Don’t honk if you love groundhogs

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Some weeks ago I discovered that I am capable of carrying twenty pounds of litter on my shoulders for the walk home from the grocery store. Over the course of the three-quarter-mile journey I was reminded of the value of motor vehicles. Since that trip I have driven my car to the store one time, to pick up more cat litter, but except that that one excursion, my three or four weekly trips to the grocery store have been powered by my own two feet.

Along with my occasional walking commutes to work, I have been spending rather a lot of time on sidewalks. Also on absence-of-sidewalks, because the city planners, whose superior knowledge and education I can only defer to, apparently have a thoughtful and logical reason for abruptly ending safe pedestrian walkways alongside certain busy roads. Maybe one day I will be smart enough to understand that reason. 

After next week’s time change, I will probably be walking a lot less. I’m not sure yet. I will be irritable if I have to cede my sanctimonious position. It is a great joy for me, as I walk with my cloth bags to and from the store, to feel as though I have a greater moral and ethical compass than the drivers on the road. That this is a dubious, ill-founded perspective bothers me not at all. 

Walking by oneself after dark is not necessarily an intelligent idea, however. Moral and ethical, yes, but kind of dumb on the whole. I dunno. I’ll think about this dilemma once the time change actually happens. Till then, you will be able to find me on sidewalks, road margins, and ditches around town. I will be the one looking unaccountably smug. 

For those times when you do see me strolling about, please refrain from honking your horn at me. This sort of thing happens fairly often. I would prefer to think of it is a response to my breathtaking beauty, though that’s kind of a stretch, seeing that I’m normally decked in my floppy cowboy hat, ratty old sneakers, and serviceable but unexciting shirt and jeans. And also the jeans are always rolled up at the cuffs because they just don’t make jeans for women of my modest dimensions.

More likely, I think, is that drivers honk because they recognize me. Working as I do at a public service desk, and sporting hair colors that change in shade but remain dependably distinctive, I am a familiar sight. (Even a floppy cowboy hat is not a sufficient disguise, apparently.) I suppose it’s sweet of them to send the greeting, but I never do see the person doing the honking, and it is noisy and startling. I don’t care for it, and neither does my groundhog.

My groundhog lives on the hillside across the road from my apartment complex. I feel confident calling (him? her?) my groundhog, as opposed to just anyone’s groundhog, because I feed her, or him. Just the other evening I walked over to the hillside to leave an offering of apple cores. The groundhoggy wasn’t in sight– but when I strolled by the next day, he or she was feasting away! I paused to admire the little darling, who could pass for the twin of my cat Beelzebub (furry, round, waddles a lot), but then a car came honking by, and the groundhog scampered away. Well– waddled ungracefully away, but at an impressive speed.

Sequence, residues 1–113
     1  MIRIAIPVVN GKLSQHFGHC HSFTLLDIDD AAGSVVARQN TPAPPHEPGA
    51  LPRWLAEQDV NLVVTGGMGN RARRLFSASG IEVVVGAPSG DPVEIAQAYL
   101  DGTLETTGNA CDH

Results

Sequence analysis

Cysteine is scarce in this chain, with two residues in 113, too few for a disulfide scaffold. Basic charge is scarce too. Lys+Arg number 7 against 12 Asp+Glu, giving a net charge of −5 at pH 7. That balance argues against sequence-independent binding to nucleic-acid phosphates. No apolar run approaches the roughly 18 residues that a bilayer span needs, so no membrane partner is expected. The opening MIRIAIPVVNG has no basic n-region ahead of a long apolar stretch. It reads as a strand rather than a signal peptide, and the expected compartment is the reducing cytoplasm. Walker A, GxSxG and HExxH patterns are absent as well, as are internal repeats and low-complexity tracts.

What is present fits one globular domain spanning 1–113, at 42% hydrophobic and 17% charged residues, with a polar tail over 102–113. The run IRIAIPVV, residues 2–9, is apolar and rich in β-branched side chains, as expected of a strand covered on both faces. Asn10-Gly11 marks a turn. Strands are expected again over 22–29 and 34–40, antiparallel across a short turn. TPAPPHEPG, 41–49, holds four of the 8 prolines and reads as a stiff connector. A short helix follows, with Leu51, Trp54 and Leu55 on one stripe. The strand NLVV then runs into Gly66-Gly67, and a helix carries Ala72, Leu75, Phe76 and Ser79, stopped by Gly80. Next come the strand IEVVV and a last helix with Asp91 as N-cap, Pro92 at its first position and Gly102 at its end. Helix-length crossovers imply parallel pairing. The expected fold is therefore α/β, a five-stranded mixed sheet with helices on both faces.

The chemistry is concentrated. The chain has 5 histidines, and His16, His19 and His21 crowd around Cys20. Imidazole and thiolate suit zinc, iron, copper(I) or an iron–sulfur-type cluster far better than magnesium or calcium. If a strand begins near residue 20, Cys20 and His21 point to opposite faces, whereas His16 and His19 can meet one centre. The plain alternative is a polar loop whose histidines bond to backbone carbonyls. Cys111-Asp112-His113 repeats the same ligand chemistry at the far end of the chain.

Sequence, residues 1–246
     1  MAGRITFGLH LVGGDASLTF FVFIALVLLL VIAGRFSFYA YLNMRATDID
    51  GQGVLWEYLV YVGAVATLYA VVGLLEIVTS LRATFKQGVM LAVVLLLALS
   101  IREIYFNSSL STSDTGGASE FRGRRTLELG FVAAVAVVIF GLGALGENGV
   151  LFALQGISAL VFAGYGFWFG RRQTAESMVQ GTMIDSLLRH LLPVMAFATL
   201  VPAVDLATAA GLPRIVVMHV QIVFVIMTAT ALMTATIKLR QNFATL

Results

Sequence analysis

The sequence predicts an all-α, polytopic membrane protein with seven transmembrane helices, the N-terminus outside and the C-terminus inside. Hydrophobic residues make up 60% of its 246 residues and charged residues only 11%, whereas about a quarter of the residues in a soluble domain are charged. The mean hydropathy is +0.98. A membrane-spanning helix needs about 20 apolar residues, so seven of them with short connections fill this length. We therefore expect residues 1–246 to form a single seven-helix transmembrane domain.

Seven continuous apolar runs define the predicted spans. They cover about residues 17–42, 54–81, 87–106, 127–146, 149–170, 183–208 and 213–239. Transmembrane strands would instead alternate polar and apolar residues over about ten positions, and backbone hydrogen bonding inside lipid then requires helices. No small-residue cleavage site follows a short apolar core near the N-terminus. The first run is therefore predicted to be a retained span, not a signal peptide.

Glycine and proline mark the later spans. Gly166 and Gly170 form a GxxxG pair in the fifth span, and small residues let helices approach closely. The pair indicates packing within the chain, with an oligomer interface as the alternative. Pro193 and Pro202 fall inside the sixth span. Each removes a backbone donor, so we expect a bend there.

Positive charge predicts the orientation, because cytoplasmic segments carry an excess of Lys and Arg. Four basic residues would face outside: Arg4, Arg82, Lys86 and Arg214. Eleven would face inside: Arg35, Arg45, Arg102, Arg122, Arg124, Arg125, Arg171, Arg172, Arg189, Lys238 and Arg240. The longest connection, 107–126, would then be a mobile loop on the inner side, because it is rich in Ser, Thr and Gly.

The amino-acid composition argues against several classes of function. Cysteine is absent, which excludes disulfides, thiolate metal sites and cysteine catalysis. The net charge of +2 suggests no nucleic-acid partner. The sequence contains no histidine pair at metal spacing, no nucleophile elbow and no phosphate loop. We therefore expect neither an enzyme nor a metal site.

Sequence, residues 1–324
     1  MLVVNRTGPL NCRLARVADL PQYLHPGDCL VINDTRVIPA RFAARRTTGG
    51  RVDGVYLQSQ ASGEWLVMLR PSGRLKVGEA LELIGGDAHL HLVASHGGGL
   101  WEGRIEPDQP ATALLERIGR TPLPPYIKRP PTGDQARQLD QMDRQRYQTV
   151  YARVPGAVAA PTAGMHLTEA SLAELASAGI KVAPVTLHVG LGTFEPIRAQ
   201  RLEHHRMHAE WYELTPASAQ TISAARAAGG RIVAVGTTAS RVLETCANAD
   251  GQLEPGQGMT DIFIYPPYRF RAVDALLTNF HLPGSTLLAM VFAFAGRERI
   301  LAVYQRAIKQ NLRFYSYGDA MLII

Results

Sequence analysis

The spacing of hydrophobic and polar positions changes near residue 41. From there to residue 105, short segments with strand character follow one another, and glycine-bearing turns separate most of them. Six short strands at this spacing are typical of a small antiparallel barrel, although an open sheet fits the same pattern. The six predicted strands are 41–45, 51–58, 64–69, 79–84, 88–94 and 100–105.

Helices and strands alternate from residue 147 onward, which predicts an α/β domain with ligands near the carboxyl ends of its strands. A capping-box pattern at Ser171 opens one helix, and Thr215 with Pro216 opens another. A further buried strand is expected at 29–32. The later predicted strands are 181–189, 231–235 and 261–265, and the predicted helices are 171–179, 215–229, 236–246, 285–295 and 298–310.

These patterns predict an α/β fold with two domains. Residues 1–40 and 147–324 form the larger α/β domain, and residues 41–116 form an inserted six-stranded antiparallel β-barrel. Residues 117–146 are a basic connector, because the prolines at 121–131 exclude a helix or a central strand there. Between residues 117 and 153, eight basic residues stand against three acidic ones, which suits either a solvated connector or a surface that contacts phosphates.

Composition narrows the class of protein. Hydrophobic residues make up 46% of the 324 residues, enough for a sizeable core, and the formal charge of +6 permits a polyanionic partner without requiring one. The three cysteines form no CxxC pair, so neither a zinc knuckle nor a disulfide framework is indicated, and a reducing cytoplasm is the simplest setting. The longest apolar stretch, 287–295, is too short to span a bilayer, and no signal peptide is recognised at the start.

My own feast that evening did not delight me the way apples delight pudgy rodents. I had finally decided to try some quinoa, one of the few pantry survivors in my recent battle against the grain moths. I was glad the quinoa survived, considering how expensive it was. I prepared it in my rice cooker, foregoing adornments so that I could judge it on its own flavor, which turned out to be kind of boring. I can get a kind of boring grain dish from rice for less money, so I’m not clear on why I should bother.

Also, healthy wholesome foods seem less appetizing when compared to, say, the three bags of candy sitting in one’s cabinet. It was buy-two, get-one-free at the store. I had no choice. It was for the children, you understand. Not for me. For like the seventh year running I have neglected to come up with a good Halloween costume, but at least I am well stocked for the trick-or-treaters. Not that any have ever come to my door before– but in case they do, I am prepared.


2 responses »

  1. Have you ever read "The Geography of Nowhere"? WRL has it, or at least used to. I read it years ago. One of the issues addressed is the deliberate lack of zoning for sidewalks. Bike lanes also appear and disappear. It can be unnerving to be rolling along and suddenly the lane is gone and there is traffic coming from behind. And groundhogs are cool. 🙂

  2. Haven't read it, but it's got 45 circs, which is very respectable. Having just finished Coyote at the Kitchen Door: Living with Wildlife in Suburbia, however, I am unwilling to advocate for more sidewalks. At this point I want to raze all the roads and sidewalks and seed them with wild grass.Because I am not entirely unreasonable I will permit dirt roads to continue existing.


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